The GDPR (General Data Protection Regulation) is a new regulation that aims to protect the personal data and privacy of European Union citizens for transactions that occur inside and outside of EU member states.
It governs how data is gathered and stored, and gives EU citizens control over their personal data. Any and all companies that collect data on citizens in European Union countries will need to comply with strict new rules around protecting customer data by May 25, 2018. Sanctions for non-compliance can be as high as 20,000,000 Euros, or up to 4% of an organization's annual worldwide turnover (from preceding financial year), whichever is the greater.
Who is at risk?
If an organization collects and stores information from any individuals within the EU, they are at risk. It doesn’t matter if the organization is based outside of the EU. It doesn’t matter if the data is gathered unintentionally.
Consent. Organizations must be asking for, gaining, recording and managing consent to collect personal data in ways that meet GDPR regulations.
Storage. An organization must ensure that personal data is stored as described in consent statements. Data cannot be stored or used otherwise.
Access. An organization’s data subjects must have easy access to and must be able to amend and/or purge their data, with the ability to opt-out or withdraw consent easily.
Security. Organizations must ensure that data protection is built ‘by design and by default’ into every aspect of the site.
Key Changes for Site Compliance
There are 99 articles that lay out the rights of individuals and obligations placed on organizations covered by the regulation. These include allowing people to have easier access to the data companies hold on them, and a clear responsibility for organizations to obtain the consent of people they collect information about. Specific to website compliance, organizations will need to pay attention to a number of key changes and make updates where needed.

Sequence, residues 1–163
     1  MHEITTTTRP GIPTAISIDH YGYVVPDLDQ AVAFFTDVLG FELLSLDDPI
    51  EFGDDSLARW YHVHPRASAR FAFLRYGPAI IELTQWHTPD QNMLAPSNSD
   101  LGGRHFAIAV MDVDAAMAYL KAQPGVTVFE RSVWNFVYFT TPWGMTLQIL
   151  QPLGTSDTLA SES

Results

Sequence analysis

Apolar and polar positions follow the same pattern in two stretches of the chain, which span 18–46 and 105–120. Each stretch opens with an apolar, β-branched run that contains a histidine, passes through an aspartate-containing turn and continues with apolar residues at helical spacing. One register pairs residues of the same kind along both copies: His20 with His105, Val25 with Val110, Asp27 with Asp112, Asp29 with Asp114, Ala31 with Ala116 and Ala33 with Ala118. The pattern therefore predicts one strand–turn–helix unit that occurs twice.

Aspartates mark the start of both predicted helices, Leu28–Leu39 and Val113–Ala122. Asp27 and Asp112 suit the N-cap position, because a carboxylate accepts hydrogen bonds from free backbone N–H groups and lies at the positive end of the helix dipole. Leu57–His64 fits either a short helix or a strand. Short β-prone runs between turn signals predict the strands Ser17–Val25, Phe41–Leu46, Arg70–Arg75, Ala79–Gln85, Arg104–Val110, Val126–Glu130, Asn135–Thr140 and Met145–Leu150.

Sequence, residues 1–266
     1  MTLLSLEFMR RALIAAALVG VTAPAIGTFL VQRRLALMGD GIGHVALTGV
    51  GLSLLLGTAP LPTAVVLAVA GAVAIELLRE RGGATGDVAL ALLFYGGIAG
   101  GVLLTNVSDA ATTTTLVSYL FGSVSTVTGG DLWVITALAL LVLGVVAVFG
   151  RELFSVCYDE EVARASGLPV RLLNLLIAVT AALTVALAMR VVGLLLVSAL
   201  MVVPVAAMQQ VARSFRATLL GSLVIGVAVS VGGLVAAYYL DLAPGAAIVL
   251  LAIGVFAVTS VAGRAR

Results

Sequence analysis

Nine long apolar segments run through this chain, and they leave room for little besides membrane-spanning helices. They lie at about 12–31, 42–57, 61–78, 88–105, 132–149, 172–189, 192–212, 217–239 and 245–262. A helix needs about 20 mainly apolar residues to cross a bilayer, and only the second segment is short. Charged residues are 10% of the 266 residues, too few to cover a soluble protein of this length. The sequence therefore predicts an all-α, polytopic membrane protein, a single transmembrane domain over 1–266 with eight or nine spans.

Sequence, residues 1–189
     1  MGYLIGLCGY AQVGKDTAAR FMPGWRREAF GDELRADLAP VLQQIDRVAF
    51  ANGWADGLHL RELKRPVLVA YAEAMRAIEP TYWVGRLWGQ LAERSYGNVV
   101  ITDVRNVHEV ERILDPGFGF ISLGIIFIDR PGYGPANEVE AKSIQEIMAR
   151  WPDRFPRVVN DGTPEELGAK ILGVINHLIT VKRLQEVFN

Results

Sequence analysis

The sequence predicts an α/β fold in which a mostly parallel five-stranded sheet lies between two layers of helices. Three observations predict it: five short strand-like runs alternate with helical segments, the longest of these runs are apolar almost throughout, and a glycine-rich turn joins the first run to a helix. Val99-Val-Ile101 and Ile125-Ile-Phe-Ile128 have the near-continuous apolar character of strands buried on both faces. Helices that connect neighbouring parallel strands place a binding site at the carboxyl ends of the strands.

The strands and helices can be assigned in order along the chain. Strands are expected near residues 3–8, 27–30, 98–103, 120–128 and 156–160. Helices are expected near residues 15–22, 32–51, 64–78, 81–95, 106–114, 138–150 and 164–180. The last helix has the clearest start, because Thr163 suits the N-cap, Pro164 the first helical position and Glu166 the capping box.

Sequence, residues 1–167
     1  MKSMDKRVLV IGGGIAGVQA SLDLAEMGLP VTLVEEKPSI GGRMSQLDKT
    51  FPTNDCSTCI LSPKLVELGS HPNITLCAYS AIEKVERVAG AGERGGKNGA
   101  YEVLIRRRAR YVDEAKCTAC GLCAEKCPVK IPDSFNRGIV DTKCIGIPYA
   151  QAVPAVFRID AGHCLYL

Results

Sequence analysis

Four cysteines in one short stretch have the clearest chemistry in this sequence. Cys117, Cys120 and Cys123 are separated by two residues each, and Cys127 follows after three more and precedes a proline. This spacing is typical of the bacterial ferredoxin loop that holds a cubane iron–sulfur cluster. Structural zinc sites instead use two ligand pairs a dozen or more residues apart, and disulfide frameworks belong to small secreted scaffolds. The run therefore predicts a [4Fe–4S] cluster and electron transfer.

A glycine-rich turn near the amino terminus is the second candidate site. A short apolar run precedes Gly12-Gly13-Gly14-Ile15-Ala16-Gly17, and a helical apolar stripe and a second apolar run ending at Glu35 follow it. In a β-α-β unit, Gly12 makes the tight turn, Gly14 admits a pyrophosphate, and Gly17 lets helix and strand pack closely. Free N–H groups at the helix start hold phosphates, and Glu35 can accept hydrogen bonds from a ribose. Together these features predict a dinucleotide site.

Changes to the definition of personal data. Anything that contributes or links to identifying an individual is now included in the regulation, which can be anything from a name, a home address, a photo, an email address, bank details, posts on social networking websites, medical information, or a computer’s IP address.
Stricter guidelines on gaining consent. Explicit consent must be obtained before personal data is submitted whenever the data provided will be stored beyond the scope of the current transaction. Under GDPR, visitors must be presented with a statement (inline or linked) specifying the nature of data that’s being collected, and the details of the decision and its effects, and they must affirm the decision with an action. Legal jargon cannot be used to request consent on web forms and the like. Consent now must be clear and distinguishable, and provided in an intelligible and easily accessible form, using clear and plain language.
Updates to individual rights and conditions for consent. These include rights of access, to withdraw consent, to be 'forgotten', and to data portability. Websites must clearly communicate these rights to individuals they collect data from. This includes letting data subjects know if / how long data will be stored for, if data will be transferred to other parties / countries, and how they can access, amend, or delete their data. It must be as easy to withdraw consent as it is to give it. Organizations must also be able to prove they have been given explicit consent to hold the data, and they must be ready to prove the deletion of personal data as well.
Websites forms that collect and store personal information for purposes outside the current transaction (e.g. marketing emails) must have an "opt-in" option and this option must by unchecked by default. The 'opt-in' option must have clear language on what their data will be used for. Organizations must also provide an easy way to 'opt-out' if a data subject changes his/her mind.